In a Twitter post last week, Uribe disputed the court findings and alleged the court intended to damage his reputation. He also defended himself against accusations that blamed his heavy-handed security policies for the surge in killings during his presidency.
“No military person can say they have ever received a bad example or improper insinuations from me,” the post read.
Jose Miguel Vivanco, Americas director of Human Rights Watch, accused Uribe of distorting the truth in his Twitter thread, and offered evidence that contradicted Uribe’s claims that he prioritised captures over combat kills during his presidency.
Part of the JEP’s tasks is investigating how high within the military ranks and in the government knowledge or responsibility for these crimes went. The JEP is authorised to grant military members under investigation by the Attorney General’s Office benefits, including conditional freedom and lighter sentences, for contributing to the truth.
Yet, human rights organisations are concerned that there may be a “pact of silence” among military members to conceal who ordered the execution of civilians. In early February, the National Movement for State Crime Victims criticised lawyers who are instructing military members to avoid mentioning army commanders.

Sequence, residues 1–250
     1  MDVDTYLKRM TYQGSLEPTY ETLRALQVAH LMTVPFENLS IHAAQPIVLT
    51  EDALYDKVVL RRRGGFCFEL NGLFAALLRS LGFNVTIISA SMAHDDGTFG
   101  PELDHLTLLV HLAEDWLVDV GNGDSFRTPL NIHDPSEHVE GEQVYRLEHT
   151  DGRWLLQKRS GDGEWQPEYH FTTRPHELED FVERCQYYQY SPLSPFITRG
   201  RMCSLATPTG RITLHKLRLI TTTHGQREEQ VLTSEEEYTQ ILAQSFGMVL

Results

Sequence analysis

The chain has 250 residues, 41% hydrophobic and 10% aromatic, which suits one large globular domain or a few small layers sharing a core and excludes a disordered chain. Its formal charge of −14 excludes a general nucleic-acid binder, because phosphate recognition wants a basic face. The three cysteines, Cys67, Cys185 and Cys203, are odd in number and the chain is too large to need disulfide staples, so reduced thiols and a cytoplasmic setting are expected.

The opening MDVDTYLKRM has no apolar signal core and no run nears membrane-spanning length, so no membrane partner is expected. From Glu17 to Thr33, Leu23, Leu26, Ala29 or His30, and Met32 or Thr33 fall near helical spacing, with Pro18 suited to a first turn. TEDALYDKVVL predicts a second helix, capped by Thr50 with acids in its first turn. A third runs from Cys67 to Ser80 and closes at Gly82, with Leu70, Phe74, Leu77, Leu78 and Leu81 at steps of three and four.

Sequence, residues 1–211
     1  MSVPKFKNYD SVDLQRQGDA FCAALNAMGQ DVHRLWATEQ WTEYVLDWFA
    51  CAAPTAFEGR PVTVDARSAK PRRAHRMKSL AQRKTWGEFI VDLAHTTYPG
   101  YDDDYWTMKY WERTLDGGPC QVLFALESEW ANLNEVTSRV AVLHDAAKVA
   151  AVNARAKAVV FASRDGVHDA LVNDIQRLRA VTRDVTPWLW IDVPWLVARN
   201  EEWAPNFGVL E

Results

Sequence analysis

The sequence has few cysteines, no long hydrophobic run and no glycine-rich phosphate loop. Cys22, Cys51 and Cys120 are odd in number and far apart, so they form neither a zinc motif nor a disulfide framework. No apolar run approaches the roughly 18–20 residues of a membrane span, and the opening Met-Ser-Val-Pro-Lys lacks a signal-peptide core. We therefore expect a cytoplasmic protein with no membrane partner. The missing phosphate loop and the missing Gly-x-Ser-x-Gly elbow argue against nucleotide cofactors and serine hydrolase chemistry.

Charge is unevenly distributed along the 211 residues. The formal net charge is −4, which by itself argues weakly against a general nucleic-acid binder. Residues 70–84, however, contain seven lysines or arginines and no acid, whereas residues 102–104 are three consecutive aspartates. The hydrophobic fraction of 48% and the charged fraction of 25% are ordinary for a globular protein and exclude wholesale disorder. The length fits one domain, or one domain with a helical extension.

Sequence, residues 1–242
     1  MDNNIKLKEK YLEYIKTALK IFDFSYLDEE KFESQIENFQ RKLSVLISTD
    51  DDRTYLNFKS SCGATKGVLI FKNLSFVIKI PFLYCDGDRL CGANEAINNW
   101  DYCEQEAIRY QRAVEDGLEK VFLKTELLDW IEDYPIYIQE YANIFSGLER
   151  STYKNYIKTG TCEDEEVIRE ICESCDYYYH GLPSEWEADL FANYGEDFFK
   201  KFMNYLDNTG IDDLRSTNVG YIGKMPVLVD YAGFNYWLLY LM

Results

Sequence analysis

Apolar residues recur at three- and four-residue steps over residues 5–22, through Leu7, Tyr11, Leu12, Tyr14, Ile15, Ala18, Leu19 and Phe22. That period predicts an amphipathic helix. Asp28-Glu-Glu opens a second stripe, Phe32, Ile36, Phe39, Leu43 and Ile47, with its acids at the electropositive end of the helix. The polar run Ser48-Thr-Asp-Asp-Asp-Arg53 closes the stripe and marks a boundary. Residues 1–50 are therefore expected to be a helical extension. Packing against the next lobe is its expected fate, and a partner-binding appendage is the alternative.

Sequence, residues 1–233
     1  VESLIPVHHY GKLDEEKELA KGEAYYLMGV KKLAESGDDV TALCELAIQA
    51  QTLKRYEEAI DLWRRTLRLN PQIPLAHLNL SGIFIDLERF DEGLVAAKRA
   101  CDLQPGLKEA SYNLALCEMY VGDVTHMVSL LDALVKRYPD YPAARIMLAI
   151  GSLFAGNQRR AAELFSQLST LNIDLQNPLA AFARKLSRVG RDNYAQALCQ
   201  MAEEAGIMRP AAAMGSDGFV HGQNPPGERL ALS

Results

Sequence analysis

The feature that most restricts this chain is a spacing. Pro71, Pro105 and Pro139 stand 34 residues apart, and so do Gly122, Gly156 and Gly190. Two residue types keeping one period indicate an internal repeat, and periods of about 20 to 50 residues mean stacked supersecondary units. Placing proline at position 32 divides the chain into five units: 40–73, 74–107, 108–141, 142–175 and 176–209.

The highest-ranking official to appear before the transitional court, retired General Mario Montoya, testified last year that insubordinate soldiers were responsible for the crimes. He denied any involvement or knowledge of the executions that occurred during his tenure as army commander from 2006 to 2008.
Some victims’ lawyers, like German Romero, believe the JEP’s “bottom-up” approach to its investigation, focusing on middle-ranking military officers before the high-ranking officials, is flawed because it follows the same strategy taken by the government.
“The JEP is repeating what the Attorney General’s Office has already done and listening to those who have already been accused or convicted,” said Romero.
While the Attorney General’s Office has convicted hundreds of rank-and-file soldiers, it has yet to accuse a general of involvement in the “false positives” killings.
“The JEP has a 10-year mandate, of which three years have already passed,” said Yepes. “At this rate, we think it’s difficult that they’ll reach the maximum responsible in the military leadership.”